1863 Springfield Rifle

Figure 15. 1863 Springfield rifle. Courtesy wikipedia.org.




Gallagher Rifle

Figure 17. Gallagher cavalry carbine. Courtesy 19thcenturyweapons.com



Union Cavalry

Figure 16. Union Horse Artillery. Source: Libray of Congress.




American Civil War Howitzer

Figure 17. American Civil War era 12 lb Howitzer cannon. Courtesy wikipedia.org.




View of Fort Site

Figure 19. View of fort site, showing hillside, camera facing east.



After Lathrop’s refusal to surrender, a simultaneous chain reaction of events begin to make the situation desperate inside the fort. Morton was ordered to immediately deploy his 12 artillery pieces in three main positions around the fort on the surrounding hills and begin firing. Two of these locations on the west and east sides of the fort were of higher elevation than the fort and created a situation where the Confederate artillery could literally fire down inside the fort. On the south side of the trestle, Lt. E.S. Walton split his four-gun battery into a two-gun section on the western elevation and fired into the fort from two different positions, aiming at the southern and western faces (Figure 19).44 Morton moved his own four-gun battery armed with 3” Ordnance rifles (Figure 20), including both “bull pups,” to the eastern side of the fort near the brow of the hill above the fort and began firing at the northern and eastern faces.45 Ferrell’s guns were positioned in a somewhat exposed position in a cornfield, within short range of the fort in support of Johnson’s troops.46

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3 Inch Ordinance Rifle

Figure 20. 3" Ordinance Rifle. Courtesy Historical Society of the Phoenixville Area.


As the barrage began, Union troops quickly realized that Forrest had the upper hand. Corp. William Brown of the 9th Indiana Cavalry had been stationed with a small detail on the north side of the fort down the hill in the ravine where Sulphur Creek flows, performing guard duty for the horse corral located there. “Brown’s detail remained with the horses until a Confederate shell landed about 15 feet from them, and as he said, “tore a hole in the ground large enough to bury a small cow, and threw dirt all over us.”47 The horses were abandoned and the detail scrambled up the steep hill and into the fort. Brown had to cross the center of the fort to get to the east wall in what he called “the most dangerous trip I ever experienced in my life.”48 With Union troops in the fort enduring the Confederate bombardment, Buford ordered his dismounted troops forward across the valley floor, coming from the western elevation where Walton’s guns were firing from. The objective was to reach the western side of the railroad embankment under the guns of the fort. Under cover of Walton’s artillery fire, Buford’s command moved forward with part of Kelly’s brigade and crossed the exposed position to a more protected spot along the railroad embankment and began firing at the fort.49 The artillery inside the fort was not idle and fought with determination, but the two 12-pound Howitzers were outmatched by Morton’s rifled guns, which were firing from multiple directions. Though they responded vigorously, a shell from Morton’s Battery struck one of the cannons, overturning it and killing five men. The other cannon was soon disabled by a shot planted squarely in its mouth. 50 The plight of the U.S.C.T and both cavalry units inside the fort were no better than their counterparts servicing the Union artillery.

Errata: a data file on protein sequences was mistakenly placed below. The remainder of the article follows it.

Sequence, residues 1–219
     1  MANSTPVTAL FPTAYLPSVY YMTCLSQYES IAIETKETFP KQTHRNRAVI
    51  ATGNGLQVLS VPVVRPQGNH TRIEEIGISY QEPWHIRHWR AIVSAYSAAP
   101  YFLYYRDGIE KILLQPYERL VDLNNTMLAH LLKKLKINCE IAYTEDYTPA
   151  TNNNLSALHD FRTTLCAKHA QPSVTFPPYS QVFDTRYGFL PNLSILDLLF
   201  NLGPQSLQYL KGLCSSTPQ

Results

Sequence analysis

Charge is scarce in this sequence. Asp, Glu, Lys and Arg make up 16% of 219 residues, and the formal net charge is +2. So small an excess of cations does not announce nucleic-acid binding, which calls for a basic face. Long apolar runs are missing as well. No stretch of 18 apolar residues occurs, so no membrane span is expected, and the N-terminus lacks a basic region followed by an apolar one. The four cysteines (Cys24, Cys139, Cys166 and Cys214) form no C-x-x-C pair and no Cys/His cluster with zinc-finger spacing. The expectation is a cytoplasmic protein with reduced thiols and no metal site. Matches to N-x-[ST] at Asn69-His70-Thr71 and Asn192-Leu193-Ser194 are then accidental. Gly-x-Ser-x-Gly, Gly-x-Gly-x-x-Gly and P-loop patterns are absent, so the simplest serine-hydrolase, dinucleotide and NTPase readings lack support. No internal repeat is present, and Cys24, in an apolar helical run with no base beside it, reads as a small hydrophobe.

Phase Two Map

Figure 21. Phase 2 of the Battle of Sulphur Creek Testle, September 25, 1864



The Confederate artillery fire began to take effect; every shell fell and exploded within the Federal work, whose faces, swept in great part by an enfilading fire, gave little or no shelter to the garrison, who were to be seen fleeing alternatively from side to side, vainly seeking cover. Many found it, as they hoped, within some wooden buildings in the redoubt, but shot and shell crushing and tearing through these feeble barriers, either set them on fire or leveled them to the ground, killing and wounding their inmates, and adding to the wild and helpless confusion of the enemy, who, though making, meanwhile, no proffer to surrender, had nevertheless, become utterly impotent for defense.51



Major Eli Lilly

Figure 22. Colonel Eli Lilly. Courtesy wikipedia.org


Inside the fort, Lathrop, commander of the garrison, had been killed soon after the battle began and command passed to Maj. Eli Lilly (Figure 22). Both of his artillery pieces were knocked out of action and his cavalrymen were running out of ammunition. Soon the Unionist Tennesseans were out of ammunition; for two hours, in desperation, they whittled Springfield musket balls to fit their carbines.52

Forrest was no doubt watching the effect of his artillery from some advantageous point in the area and would have noticed that fire from the fort had slackened significantly. “Seeing their situation, and desiring to put a stop to the slaughter, Forrest ordering a cessation of hostilities, again demanded capitulation. This time, the demand was promptly acceded to, and the capitulation of the blockhouses, as well as the redoubt, was speedily accomplished through proper staff officers.”53